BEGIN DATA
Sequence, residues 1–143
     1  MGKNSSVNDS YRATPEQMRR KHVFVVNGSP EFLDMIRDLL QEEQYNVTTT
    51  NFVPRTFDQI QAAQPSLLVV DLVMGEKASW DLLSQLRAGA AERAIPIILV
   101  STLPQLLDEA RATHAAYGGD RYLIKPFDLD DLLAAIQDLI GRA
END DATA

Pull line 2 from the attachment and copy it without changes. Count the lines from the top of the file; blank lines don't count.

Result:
     1  MGKNSSVNDS YRATPEQMRR KHVFVVNGSP EFLDMIRDLL QEEQYNVTTT